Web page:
He became a giant of the industry growing Goldcorp as CEO through acquisition in the 2000s. Ian Telfer also founded Silver Wheaton (now Wheaton Precious) as a spin out of Goldcorp and is a major Canadian philanthropist.
In a surprising new interview with Daniela Cambone, Telfer candidly describes why mining is so hard and why crypto may be better.
“With the competition they’ve got from other asset classes I can’t see [gold] going to $5000. I just can’t see it. Sorry… I’ve been listening to the same people say $5000 for thirty years and it hasn’t worked out that way.”
“A combination of the disappointments in the longer term performance of the gold shares and crypto are a barbell going the wrong way.”
“With bitcoin there will be a finite number of bitcoins… Any time there’s a new [gold] discovery it slightly devalues the amount of gold that’s available to investors.”
“The gold companies keep issuing shares as they go on and I think this turns investors off.”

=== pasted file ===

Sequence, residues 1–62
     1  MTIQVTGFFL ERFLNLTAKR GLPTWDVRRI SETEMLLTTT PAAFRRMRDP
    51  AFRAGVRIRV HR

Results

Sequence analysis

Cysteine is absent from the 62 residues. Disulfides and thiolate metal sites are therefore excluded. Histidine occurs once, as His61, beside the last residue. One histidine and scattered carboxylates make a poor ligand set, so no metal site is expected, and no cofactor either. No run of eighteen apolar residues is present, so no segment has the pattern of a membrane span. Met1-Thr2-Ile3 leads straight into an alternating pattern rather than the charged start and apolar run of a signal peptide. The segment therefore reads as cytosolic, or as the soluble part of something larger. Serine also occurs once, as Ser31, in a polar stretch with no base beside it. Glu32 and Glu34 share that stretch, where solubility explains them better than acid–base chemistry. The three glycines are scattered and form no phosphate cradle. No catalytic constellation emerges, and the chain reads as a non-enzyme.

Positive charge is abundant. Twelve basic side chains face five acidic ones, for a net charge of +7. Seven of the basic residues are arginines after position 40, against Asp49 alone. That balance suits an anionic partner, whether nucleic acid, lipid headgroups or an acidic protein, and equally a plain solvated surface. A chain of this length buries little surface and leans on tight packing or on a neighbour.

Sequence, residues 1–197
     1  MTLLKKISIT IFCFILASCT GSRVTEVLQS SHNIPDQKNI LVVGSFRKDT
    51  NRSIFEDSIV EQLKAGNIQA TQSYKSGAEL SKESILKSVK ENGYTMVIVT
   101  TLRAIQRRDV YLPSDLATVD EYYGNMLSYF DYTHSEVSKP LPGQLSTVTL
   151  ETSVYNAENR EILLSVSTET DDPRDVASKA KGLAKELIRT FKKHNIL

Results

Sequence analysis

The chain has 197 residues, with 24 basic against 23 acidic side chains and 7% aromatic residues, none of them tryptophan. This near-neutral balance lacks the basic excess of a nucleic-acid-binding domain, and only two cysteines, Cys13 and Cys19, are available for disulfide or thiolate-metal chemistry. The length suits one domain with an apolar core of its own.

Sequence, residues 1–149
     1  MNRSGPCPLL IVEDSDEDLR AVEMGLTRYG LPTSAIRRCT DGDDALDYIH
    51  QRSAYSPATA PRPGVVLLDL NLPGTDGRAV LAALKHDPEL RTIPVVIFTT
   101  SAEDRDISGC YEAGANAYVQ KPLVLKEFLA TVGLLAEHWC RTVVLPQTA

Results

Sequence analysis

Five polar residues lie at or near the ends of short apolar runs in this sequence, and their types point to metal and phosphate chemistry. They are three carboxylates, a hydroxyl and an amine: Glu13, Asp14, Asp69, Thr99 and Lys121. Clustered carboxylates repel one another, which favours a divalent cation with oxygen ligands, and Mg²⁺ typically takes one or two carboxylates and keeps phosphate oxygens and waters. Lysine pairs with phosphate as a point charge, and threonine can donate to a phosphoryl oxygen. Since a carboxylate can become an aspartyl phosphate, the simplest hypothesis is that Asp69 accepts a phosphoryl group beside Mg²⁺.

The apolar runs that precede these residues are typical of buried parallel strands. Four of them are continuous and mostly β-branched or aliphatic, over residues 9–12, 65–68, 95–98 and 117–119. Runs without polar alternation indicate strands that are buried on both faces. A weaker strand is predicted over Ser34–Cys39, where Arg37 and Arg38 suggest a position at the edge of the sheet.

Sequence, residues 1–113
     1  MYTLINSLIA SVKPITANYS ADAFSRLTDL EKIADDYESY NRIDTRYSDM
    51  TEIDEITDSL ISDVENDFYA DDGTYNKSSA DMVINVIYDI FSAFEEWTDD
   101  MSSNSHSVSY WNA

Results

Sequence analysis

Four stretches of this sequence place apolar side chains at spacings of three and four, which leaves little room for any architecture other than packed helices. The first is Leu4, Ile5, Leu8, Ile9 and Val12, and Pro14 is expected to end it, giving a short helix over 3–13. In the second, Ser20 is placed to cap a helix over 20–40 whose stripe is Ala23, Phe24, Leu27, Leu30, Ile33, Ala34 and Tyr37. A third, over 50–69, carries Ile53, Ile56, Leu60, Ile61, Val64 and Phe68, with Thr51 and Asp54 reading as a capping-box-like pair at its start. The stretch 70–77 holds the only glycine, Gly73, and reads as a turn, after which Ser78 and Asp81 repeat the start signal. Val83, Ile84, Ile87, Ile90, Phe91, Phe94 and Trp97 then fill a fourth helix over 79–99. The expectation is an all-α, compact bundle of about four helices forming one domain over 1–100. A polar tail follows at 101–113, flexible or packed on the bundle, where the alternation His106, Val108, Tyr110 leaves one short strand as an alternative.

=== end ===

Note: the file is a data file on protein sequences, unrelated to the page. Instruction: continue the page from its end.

“They went overboard on acquisitions 10-12 years ago and now I think they’re going overboard on paying dividends.”
“I’ve spent 35 years looking at all these developments and there’s almost no progress.”
“The rock that contains the gold looks exactly the same as the rock that doesn’t contain the gold. We haven’t found a way to explore without drilling holes and taking samples and I don’t think that will ever change”
“My first 10 years in mining was spent exploring with ZERO success. Then my next 20 years was spent acquiring deposits with a lot of success.”
While he isn’t a gold bull like some are he still encouraged mining CEOs to be optimistic about its price.
“If you are trying to grow a gold mining company the best risk to take is price risk… If you use the consensus gold price you will never buy anything ever ever ever because it’s baked into the asset’s price… Take price risk, not technical risk, and be very careful about exploration risk.”
For more Ian Telfer, check out my 2017 story: The view from the Goldcorp chairman’s office https://ceo.ca/@tommy/goldcorp-chairman-ian-telfer-interview